32. National aren’t telling their policies because the public won’t like them, so they need to keep them quiet as long as possible (and try to sneak their way into power).

    Absolutely. National’s policies in govt will be a pale version of ACT’s policies. ACT have studiouly laid out those policies for the NZ public and been rewarded with poll results below the margin of error. With that example in front of them, National aren’t going to be giving voters any more policy info than they absolutely have to.

  33. andy 33

    Lew

    I think that NZ as a whole took a big step to the right in the 80’s and we have anchored expectations in that ‘groove’ for over a generation. Consumerism and individualism are contradictory to the values of some on the left.

    Psycho.milt

    Could not agree more! So what is your pick for Roger Douglas’ electorate seat run (announced today)?

  34. ak 34

    Lew: good comment, can’t disagree with a lot of it except for the heavy blame put back on Labour. And what rOb said on the rest.

    Look at “communications science” (which I know you are): I’m sure you’ll find that the primary source of political opinion for swinging voters is the papers and TV news, which as you point out are primarily owned and controlled by private interests with little if any independent scrutiny of bias.
    And there is heavy evidence this year that they are favouring National. Labour’s already accused of employing too many spin doctors – what more can they do?

    We’ve had this discussion before and I await your own and your colleague’s papers with interest. You could be the only ones focussing on the key element in this election. As I’ve said before: a handful of journalists could determine the outcome.

  35. Lew 35

    R0b: “So Lew, a bit of time on your hands tonight?”

    Cheap point-scoring, my favourite.

    “It isn’t honourable”

    It’s not you who decides whether it’s `honourable’, it’s the electorate. The fallout from National’s `dishonourable’ conduct leading up to 2005 isn’t hurting too badly.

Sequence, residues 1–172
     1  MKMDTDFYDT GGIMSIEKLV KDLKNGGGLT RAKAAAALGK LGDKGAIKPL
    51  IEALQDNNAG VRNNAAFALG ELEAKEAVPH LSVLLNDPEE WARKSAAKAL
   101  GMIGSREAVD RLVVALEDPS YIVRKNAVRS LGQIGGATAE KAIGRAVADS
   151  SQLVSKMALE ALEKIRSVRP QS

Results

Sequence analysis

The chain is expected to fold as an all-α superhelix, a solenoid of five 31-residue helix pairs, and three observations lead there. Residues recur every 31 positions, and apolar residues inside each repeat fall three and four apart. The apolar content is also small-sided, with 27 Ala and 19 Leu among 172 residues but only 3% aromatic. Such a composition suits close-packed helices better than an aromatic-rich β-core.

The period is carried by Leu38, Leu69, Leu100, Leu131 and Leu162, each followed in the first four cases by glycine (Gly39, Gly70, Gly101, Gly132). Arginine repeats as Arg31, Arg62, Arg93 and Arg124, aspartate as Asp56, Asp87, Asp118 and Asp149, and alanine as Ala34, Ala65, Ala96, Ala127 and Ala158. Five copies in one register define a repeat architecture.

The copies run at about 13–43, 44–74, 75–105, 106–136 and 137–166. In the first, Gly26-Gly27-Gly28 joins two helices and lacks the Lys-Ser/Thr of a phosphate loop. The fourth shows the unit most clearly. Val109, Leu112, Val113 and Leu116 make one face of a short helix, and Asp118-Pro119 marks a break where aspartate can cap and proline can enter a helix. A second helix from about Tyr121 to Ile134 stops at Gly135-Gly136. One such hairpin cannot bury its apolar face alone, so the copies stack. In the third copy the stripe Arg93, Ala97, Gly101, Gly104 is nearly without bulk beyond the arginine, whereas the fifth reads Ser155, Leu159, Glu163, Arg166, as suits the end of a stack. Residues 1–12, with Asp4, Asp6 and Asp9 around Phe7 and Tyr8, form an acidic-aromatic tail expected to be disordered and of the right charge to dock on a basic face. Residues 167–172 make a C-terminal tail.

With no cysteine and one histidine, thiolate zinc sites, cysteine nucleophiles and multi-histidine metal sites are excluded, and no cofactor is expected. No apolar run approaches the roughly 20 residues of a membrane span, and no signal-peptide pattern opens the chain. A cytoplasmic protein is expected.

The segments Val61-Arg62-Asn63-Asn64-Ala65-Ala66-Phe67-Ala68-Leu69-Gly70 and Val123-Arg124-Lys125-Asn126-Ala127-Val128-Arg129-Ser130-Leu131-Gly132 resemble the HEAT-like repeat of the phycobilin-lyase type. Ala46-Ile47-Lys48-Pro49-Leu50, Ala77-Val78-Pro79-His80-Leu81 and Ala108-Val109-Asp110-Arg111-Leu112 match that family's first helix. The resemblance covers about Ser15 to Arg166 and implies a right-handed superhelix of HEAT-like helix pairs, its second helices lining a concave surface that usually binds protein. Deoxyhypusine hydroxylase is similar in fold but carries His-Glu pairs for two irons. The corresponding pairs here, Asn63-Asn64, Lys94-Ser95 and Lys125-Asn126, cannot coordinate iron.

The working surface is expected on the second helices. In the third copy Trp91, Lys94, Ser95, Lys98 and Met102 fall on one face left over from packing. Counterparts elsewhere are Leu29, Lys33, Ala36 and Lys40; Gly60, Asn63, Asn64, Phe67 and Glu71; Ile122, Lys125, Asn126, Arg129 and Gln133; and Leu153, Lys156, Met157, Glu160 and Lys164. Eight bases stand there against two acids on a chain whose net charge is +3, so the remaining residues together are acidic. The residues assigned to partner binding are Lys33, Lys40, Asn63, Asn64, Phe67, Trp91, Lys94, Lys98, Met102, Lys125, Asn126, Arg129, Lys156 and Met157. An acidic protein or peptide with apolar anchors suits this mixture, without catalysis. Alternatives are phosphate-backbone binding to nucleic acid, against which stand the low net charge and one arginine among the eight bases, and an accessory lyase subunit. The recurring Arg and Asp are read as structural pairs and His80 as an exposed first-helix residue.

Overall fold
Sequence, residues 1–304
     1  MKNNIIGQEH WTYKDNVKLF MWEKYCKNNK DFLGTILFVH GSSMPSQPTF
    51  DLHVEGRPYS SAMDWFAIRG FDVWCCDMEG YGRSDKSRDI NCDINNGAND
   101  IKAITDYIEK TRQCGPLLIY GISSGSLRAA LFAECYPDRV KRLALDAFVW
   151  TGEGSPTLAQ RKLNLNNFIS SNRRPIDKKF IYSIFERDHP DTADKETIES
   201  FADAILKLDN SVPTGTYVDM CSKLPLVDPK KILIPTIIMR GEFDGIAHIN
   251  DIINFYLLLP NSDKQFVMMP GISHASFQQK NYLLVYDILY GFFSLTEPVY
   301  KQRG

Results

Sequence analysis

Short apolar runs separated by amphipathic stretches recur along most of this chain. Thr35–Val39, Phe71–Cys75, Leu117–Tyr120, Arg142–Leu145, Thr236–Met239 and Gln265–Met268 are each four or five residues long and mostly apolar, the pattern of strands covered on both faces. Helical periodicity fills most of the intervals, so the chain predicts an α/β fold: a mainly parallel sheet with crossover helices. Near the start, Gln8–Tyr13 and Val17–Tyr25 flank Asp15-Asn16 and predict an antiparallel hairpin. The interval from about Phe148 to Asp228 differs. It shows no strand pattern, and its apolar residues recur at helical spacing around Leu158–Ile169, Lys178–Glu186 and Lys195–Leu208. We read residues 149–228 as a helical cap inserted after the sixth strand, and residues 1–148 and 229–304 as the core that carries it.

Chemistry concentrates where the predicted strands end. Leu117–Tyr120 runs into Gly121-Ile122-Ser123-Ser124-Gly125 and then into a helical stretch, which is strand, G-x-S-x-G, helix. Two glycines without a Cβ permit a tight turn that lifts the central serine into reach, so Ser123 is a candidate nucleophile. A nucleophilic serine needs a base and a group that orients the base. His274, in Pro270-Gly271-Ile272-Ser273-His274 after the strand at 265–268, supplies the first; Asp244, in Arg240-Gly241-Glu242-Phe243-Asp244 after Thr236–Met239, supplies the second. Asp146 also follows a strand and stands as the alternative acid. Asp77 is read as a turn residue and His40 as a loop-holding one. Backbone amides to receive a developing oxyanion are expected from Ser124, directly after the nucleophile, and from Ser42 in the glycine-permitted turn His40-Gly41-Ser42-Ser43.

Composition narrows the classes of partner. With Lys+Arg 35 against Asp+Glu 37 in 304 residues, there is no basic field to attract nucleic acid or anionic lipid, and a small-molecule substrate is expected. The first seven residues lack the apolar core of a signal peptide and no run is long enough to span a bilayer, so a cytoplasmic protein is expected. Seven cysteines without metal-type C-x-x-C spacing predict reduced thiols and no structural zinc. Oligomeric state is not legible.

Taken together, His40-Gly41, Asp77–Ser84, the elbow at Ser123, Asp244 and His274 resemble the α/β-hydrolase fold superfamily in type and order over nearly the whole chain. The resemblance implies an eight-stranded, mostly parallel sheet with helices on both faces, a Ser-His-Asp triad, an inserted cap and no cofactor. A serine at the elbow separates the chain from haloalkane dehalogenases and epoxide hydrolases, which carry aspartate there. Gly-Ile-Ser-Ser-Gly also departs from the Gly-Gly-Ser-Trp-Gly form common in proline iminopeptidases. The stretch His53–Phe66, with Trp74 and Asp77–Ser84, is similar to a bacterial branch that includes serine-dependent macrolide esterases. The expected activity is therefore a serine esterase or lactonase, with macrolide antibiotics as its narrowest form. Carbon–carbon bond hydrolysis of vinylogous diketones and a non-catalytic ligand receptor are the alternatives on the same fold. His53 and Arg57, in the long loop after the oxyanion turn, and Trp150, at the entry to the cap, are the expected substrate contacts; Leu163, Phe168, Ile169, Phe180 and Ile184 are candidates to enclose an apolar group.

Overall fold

“it isn’t good for NZ, but it may well work. So we’re agreed on all that.”

    Yes, definitely agreed on that. Quoting out of order:

    “I think they do actually [care about the moral high ground], e.g. NZs (arguably costly) Nuke Free ethics.”

    You’ve missed my point here: I’m not saying the electorate doesn’t care about ALL moral high ground issues, I’m saying they don’t care about this one. In fact the example you give is canonical agenda control by the left: nuclear free, despite its cost (both opportunity cost and the cost of poor relations with other powers) is politically untouchable.

    “People aren’t rational. We are heuristic and emotional, and we operate with incomplete information and limited memory. We focus on short term goals (not long term) and we selectively filter our memories and our perceptions so as to confirm our prejudices and our decisions. Basically our decision making processes are a mess.”

    Dead right. Communication mitigates for poor memory and incomplete information and irrational decision-making. The object of political communication isn’t necessarily to give people all the right information they need to make a rational decision, it’s to make people believe they have all the right information they need to make a rational decision (in the communicator’s favour).